15 Minute write
Love this! Rich depth, i walked through as if in it myself. Thank you
The calm before the storm, or maybe the eye of the hurricane.
I have pictures of Granada. One was taken at the Alhambra ticket office. My Spanish hosts, whom I was visiting as a return favour to me for having allowed them unrestricted access to my basement in order to furnish their student flat, had made due enquiry with the authorities as to how to get into it. The Alhambra Palace, that is, not the ticket office.
It seemed that the Alhambra ticket office had embraced European officialdom and pernickety organisation to a degree that impressed European visitors and reduced Spaniards to uncontrolled derisive guffaws. The picture in question depicts three of us, waiting patiently in "our" queue, with almost pandemic-standard distances between us, preparing to be wowed by Moorish splendour.
The splendour was there; we were indeed wowed: one has to bear two things constantly in mind when visiting the palace: first, that what you are gawping at in open-mouthed amazement was gilded and painted in a palette of bright colours when it was built, and was therefore twice, if not thrice, as wondrous as one's open gob would indicate; and, second, that the temperature in that thar outside world, is a good 3 or more degrees warmer than in the ingeniously water-fed cooling system that is the Alhambra. These Moors were no HVAC greenhorns. If only the architects of the one in Bradford could have been as ingenious.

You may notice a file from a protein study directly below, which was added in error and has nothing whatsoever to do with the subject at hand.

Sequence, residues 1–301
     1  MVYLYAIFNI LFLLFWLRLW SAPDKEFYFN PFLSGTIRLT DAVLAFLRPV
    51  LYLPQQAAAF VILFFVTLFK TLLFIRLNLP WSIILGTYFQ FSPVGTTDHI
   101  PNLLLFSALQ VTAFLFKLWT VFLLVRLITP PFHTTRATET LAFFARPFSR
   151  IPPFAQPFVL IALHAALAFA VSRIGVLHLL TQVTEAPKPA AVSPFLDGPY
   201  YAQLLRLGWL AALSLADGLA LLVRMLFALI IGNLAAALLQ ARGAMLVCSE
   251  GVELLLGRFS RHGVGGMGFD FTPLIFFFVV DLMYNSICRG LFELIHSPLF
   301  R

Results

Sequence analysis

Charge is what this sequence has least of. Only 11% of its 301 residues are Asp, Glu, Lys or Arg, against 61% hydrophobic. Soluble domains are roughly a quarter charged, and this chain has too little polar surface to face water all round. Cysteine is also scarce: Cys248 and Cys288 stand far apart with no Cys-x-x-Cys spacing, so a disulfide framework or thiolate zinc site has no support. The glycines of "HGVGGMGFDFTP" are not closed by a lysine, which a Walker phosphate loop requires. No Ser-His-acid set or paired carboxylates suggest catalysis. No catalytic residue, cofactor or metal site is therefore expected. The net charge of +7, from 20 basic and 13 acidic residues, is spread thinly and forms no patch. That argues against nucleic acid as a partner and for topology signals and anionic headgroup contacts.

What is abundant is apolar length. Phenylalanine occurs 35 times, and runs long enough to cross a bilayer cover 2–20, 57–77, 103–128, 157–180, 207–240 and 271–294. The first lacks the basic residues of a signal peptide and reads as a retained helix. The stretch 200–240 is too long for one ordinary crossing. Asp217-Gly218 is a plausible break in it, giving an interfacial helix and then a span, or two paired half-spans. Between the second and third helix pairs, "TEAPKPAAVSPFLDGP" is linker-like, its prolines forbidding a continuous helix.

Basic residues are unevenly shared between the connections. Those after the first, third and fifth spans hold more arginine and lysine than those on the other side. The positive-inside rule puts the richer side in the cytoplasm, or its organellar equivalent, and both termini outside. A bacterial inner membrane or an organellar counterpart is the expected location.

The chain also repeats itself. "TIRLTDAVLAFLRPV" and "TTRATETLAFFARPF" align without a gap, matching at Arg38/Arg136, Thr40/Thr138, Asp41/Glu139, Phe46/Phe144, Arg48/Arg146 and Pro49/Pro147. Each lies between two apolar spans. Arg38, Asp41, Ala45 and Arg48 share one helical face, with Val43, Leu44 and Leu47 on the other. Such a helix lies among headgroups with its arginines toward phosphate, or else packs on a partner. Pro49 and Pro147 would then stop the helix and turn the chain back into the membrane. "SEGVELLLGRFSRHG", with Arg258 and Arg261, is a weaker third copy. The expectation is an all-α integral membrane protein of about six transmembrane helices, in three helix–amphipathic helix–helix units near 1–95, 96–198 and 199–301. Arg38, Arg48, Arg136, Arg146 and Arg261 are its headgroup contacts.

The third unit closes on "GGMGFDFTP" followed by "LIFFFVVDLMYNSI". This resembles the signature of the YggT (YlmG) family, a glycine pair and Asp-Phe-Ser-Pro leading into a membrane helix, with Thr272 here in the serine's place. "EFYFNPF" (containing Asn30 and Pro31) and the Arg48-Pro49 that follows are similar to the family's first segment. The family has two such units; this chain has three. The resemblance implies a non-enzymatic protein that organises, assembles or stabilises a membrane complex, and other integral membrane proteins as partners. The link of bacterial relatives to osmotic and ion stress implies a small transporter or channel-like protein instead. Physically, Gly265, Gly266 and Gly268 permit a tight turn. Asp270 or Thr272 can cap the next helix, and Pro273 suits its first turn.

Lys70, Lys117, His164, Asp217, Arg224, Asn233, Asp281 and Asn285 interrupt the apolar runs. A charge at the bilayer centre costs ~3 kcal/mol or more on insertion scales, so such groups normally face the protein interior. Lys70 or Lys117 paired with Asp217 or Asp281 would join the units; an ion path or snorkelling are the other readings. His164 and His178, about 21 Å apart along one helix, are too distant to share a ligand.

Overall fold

Only last week or so, I sent the picture as described to my Spanish friends, who have in the intervening years qualified with PhD's and cushy jobs and divested themselves of the tat they hauled out of my basement (except for a reclining leather-covered armchair, the likes of which they'd never seen before) and agreed it was fond memory. They suggested that 2024 could see a return trip, perchance?
Keep old photos of Granada handy. Whatever utility can be extracted of Dubrovnik, Granada always has its uses. As solace.